World Trade Organisation says Brexit deals CAN'T happen unless 163 COUNTRIES agree
Bureaucrat Maika Oshikawa, who is in charge of negotiations over new countries joining the WTO, warned: “Anything in WTO is total consensus.”
She said Brexit is “a unique case and unprecedented” and added: “I think diplomacy is an important tool in how to approach this.”
If any country disagrees with Britain’s trade proposals it can refer it to a WTO panel which will decide whether or not they are legal.
The UK is part of the organisation under the EU and will not have to re-apply for membership. But it will now be able to negotiate tariffs on imports and the amount that is paid to farmers in subsidies on its own terms.
However discussions over a deal cannot even begin until Britain has left the EU, by which time it is likely it will have to win over extra nations such as Sudan, Bosnia and the tiny African island of Comoros which are joining the WTO.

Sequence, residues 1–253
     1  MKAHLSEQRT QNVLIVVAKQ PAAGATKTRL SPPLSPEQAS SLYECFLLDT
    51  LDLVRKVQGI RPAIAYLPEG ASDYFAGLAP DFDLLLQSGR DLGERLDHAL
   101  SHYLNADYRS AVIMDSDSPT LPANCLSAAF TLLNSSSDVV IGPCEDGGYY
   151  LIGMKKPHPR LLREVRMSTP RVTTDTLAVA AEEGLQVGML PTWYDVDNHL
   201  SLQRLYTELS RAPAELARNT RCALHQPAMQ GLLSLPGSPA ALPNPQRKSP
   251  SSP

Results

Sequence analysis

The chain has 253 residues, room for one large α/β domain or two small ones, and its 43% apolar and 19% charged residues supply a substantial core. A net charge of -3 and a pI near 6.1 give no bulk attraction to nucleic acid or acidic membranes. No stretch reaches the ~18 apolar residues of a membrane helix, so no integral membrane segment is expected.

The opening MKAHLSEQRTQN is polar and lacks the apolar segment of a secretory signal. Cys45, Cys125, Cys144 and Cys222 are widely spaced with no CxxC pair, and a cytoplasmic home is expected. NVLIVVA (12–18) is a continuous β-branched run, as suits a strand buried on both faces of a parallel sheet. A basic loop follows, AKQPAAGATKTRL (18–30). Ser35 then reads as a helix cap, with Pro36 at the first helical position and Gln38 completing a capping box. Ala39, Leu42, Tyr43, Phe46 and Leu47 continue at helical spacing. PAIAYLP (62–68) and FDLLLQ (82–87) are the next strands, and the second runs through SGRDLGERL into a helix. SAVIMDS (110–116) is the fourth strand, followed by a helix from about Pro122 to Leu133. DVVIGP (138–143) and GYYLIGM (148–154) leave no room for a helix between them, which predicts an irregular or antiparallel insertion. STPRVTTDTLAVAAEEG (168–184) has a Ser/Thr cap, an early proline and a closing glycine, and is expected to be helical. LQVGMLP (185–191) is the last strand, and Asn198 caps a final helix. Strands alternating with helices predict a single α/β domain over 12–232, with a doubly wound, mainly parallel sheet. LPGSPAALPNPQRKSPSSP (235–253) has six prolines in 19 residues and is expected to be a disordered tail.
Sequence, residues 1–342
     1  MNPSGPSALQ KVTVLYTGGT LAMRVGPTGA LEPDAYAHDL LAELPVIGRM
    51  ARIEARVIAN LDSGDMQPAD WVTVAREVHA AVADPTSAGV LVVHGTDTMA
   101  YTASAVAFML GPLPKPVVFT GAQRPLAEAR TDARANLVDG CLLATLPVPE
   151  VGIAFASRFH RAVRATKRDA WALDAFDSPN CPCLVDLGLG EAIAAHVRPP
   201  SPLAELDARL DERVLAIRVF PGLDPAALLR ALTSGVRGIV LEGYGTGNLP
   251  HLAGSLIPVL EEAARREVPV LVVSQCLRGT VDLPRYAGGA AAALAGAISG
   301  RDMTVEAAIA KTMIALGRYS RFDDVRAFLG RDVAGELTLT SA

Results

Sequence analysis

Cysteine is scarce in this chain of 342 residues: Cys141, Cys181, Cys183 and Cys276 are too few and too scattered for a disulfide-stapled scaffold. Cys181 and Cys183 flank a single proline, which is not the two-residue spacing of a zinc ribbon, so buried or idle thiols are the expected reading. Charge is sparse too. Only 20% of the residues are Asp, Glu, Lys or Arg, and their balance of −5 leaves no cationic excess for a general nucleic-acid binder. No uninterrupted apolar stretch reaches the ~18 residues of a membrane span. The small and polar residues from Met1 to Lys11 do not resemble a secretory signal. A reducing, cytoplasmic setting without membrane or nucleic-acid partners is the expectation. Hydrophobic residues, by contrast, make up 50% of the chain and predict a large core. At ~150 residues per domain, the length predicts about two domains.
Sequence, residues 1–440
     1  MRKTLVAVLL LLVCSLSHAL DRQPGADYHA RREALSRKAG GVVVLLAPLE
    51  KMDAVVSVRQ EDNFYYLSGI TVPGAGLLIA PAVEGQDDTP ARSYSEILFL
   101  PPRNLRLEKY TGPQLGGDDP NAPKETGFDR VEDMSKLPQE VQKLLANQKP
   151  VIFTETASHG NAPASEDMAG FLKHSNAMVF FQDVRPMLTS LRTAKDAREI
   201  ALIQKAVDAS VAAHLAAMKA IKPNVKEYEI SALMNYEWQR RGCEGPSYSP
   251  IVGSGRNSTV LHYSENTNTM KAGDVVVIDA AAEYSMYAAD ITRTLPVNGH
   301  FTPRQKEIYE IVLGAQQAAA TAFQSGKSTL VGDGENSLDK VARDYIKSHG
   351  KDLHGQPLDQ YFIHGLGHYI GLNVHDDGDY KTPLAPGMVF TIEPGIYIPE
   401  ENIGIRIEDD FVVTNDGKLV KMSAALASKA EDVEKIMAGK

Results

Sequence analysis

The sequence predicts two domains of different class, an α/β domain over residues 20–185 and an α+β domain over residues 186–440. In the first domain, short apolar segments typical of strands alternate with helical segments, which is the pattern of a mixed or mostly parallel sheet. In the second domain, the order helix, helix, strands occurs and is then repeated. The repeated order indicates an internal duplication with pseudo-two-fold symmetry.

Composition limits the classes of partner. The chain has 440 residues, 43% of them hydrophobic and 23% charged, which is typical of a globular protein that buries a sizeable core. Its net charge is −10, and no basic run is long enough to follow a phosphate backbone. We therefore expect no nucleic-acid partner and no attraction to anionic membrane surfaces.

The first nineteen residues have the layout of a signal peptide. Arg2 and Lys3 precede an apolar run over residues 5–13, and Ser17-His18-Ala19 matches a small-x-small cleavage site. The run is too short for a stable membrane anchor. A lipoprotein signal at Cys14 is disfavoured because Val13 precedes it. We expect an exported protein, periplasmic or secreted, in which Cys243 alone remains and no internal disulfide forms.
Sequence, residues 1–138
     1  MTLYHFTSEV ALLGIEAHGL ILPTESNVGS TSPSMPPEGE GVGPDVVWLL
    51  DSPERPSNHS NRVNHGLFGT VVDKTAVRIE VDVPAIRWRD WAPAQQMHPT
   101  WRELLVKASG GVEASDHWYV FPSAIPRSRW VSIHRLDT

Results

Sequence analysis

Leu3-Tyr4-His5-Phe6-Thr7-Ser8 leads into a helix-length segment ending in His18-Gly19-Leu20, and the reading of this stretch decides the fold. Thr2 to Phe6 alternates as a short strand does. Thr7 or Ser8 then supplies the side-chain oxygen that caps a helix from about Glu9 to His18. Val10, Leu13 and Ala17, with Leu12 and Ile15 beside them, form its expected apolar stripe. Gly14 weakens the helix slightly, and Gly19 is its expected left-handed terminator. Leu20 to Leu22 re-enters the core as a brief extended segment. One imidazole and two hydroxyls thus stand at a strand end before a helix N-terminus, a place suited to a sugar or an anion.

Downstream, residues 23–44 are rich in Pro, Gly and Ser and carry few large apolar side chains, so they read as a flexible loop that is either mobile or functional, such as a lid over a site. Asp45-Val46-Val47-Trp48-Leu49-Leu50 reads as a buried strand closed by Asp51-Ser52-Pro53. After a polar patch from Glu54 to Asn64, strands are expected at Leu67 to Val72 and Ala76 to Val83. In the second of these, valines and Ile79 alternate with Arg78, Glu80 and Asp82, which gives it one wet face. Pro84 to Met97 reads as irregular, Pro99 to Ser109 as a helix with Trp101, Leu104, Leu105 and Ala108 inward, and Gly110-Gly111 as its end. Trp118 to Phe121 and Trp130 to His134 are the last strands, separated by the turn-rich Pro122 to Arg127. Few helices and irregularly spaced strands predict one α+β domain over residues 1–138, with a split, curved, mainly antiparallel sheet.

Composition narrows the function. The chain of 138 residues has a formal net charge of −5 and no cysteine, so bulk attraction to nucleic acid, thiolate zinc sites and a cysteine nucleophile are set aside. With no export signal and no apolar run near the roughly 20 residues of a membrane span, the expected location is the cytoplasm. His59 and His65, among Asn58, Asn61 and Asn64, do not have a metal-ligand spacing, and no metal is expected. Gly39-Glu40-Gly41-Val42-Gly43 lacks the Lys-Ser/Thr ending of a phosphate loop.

Daniel Guegen, head of strategy and lobbying at Pact European Affairs, said Brexit has become “first and foremost a WTO matter”.
He said: “The stakes are so large and the problems so interwoven with each other that the issue, while vital, becomes virtual – almost theoretical. It is like not knowing how to find the end of a ball of wool.”
He added: “We are preparing to enter a jungle.”
He said farming presents a “wide range of problems” because issues like the duties on imported beef and poultry will need to be thrashed out.
But last month Tory Trade Minister Liam Fox said negotiations would be straightforward, there would be no “legal vacuum” and the UK would follow its commitments to the WTO as it had always done.
Conservative MP Peter Lilley, a former trade minister, has also urged the EU to protect free trade with Britain or else it will risk angering “German car makers and unions, French wine growers, Dutch cut flower growers etc for initiating an unnecessary tariff battle in which they lose more than we do.”